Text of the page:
We were almost back at the middle school when the Cheerful Teaching Assistant commented that this might replace going to the gym today. I quickly agreed and began recounting all the ways marching down the road with middle school students could benefit the body. I was really just looking for a diversion at that point. My sandals were giving me a nasty blister and my stomach had begun making gurgling noises which could only be described as ominous. I knew that my tummy pills were waiting for me in my purse back at school and that I could make it if I just didn't think about it all too much. A little lecture on the benefits of enforced cardio during the workday was just the thing.

Even with the extra walking I did today, I still came home and rode the little exercise bike, though. My tummy troubles were over thanks to the little pink tablets and I really didn't have a good excuse for not doing it. I also wanted to knit another repeat on the Invisibility Shawl and the little exercise bike is quite inspiring for that. I'm stuck pedaling away for thirty or forty minutes and need something to do that will help me forget about the exercise.

There are no people in vests or children running into the road to distract me when I ride the little bike, you see. I'm not complaining about that, mind you. I'm just making the point.

SA

12 comments:

Mel said...

I thought for a second that you were writing about Yom Kippur. You did fast, didn't you?

Kath said...

Because my town is so small, when the local preschool teachers take the tots on a trip they walk and have a long thick white rope that has rope handles all along it, The preschoolers then walk along in a line, each one holding a handle, at least one teacher in the front and one in the back, and usually one monitoring the middle. Basically looks like preschoolers on a rope!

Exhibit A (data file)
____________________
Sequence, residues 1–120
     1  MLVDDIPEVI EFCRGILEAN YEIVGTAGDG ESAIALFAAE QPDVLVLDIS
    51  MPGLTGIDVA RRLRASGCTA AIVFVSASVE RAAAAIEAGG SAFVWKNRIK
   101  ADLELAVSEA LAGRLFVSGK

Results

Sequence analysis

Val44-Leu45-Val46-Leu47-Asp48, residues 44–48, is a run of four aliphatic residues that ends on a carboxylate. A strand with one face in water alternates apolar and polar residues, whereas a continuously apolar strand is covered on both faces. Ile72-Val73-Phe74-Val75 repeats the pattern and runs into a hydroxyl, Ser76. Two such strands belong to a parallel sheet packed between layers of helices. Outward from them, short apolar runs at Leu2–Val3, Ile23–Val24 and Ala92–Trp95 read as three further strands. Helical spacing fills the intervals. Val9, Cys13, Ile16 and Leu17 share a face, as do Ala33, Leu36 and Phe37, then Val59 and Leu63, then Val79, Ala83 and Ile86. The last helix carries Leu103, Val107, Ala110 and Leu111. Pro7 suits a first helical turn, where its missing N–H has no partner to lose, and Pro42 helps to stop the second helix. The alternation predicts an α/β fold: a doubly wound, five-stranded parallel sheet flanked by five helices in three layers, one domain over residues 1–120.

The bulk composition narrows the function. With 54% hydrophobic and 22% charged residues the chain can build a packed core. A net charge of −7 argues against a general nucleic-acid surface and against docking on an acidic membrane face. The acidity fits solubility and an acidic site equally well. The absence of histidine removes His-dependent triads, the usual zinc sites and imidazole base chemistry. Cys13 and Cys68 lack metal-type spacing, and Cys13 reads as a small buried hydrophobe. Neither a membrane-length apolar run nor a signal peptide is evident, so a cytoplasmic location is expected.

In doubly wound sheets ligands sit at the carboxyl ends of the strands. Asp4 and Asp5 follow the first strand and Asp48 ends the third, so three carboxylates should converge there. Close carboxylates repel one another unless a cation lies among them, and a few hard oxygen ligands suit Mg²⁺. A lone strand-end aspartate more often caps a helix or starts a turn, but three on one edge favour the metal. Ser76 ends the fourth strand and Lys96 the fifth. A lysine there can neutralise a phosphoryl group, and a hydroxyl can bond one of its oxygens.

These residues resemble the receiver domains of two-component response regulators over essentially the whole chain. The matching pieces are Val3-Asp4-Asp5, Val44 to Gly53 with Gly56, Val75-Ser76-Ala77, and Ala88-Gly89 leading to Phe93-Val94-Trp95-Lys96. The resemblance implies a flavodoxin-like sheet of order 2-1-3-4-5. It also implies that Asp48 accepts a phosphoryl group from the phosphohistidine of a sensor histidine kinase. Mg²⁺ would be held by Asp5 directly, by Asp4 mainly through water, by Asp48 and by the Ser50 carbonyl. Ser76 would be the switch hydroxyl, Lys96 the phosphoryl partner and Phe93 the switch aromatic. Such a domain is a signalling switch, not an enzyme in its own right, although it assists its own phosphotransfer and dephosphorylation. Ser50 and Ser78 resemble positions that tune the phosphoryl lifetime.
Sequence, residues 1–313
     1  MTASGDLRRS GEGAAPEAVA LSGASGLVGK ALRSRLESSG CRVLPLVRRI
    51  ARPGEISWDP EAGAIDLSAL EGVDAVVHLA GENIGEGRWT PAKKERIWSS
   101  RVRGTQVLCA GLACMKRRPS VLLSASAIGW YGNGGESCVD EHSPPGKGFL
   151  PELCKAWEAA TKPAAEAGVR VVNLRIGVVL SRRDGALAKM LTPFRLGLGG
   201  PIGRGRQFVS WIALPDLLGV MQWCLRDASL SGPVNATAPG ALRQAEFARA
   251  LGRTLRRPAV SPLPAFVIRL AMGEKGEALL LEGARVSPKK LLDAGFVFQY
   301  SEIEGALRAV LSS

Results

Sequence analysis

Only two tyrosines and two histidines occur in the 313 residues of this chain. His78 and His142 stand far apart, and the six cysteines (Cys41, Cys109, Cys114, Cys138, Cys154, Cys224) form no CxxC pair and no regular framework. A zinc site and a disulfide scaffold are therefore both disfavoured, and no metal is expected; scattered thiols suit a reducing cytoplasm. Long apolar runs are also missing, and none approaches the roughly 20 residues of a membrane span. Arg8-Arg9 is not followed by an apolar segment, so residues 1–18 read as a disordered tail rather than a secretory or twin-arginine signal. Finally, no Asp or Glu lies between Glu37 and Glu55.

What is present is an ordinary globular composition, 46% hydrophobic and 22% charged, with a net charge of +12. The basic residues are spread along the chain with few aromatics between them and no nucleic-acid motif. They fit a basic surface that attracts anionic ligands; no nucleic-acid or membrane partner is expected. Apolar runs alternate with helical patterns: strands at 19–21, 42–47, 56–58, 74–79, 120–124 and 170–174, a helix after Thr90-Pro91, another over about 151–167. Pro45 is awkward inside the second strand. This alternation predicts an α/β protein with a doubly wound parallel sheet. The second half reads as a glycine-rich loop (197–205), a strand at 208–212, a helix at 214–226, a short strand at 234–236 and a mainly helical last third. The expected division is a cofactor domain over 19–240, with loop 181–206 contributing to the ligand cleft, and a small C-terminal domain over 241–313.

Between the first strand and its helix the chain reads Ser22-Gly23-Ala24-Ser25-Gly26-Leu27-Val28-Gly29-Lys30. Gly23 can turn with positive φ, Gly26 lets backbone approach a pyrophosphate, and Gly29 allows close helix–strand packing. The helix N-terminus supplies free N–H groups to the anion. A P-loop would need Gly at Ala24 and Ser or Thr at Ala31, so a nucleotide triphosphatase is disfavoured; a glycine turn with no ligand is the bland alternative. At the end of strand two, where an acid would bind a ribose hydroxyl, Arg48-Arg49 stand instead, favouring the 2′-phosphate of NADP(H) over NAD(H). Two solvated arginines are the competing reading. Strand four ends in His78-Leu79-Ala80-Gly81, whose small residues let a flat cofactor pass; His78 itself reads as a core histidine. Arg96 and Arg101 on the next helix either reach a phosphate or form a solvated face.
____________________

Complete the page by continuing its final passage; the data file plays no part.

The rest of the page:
I don't suppose you could convince your class to do that during a drill, could you? ;)

April said...

Once in a blue moon I am convinced that you have a worse job than me. Today is one of those days.

Anonymous said...

I need to borrow the exercise bike :(

And hey, that just reminded me - I don't know how old you are but do you remember the bomb drills in school where you had to crouch down with your hands over your head - like that was gonna save you in case your school got hit by a bomb... just sayin.

mia

Julie said...

I need to remember this story when I'm thinking how much my job sucks!

Karen said...

Wow it's hard to look for a bright spot in that day. I guess not having to do it again until next year is the bright spot.

Cursing Mama said...

My only question is why don't they just bus you all back to the middle school? In the event of a major panicky type event I don't think a well rehearsed return trip to the MS is really going to happen. Parents will get wind of the panicky type event and swoop down to retrieve their little darlings and there will probably be fire trucks & police cars and maybe even some fire men who rushed so quickly to the scene they didn't have time to put their shirt on over their well muscled chests...

prof m said...

Hey, I'm really impressed that you still kept the appointment with the little exercise book, because the Cheerful Teaching Assistant was right: you could have taken a bye. Three bleats for taking the high road!

Elaine said...

There are a million reasons why I could never do your job.... You are a Goddess.

Donna Lee said...

And you didn't lose one angel? What a good team!

Agatha's Gran (retired middle school teacher) said...

There is a job worse than wearing an orange vest and stopping traffic: the School Disaster Drill Committee entitled Sanitation Crew. Somehow, I always drew that one. I referred to it as the S*** List.

You keep me laughin' and enjoying my retirement, Sheepie!

knitseashore said...

I am so glad for you that you met the time requirement. If you did lose any students, would you still have to repeat the drill?

I remember doing fire drills in school, where we were never five feet from the building. If there were truly a fire, or a bomb, we all would have died anyway. Hope the local schools have upgraded that procedure!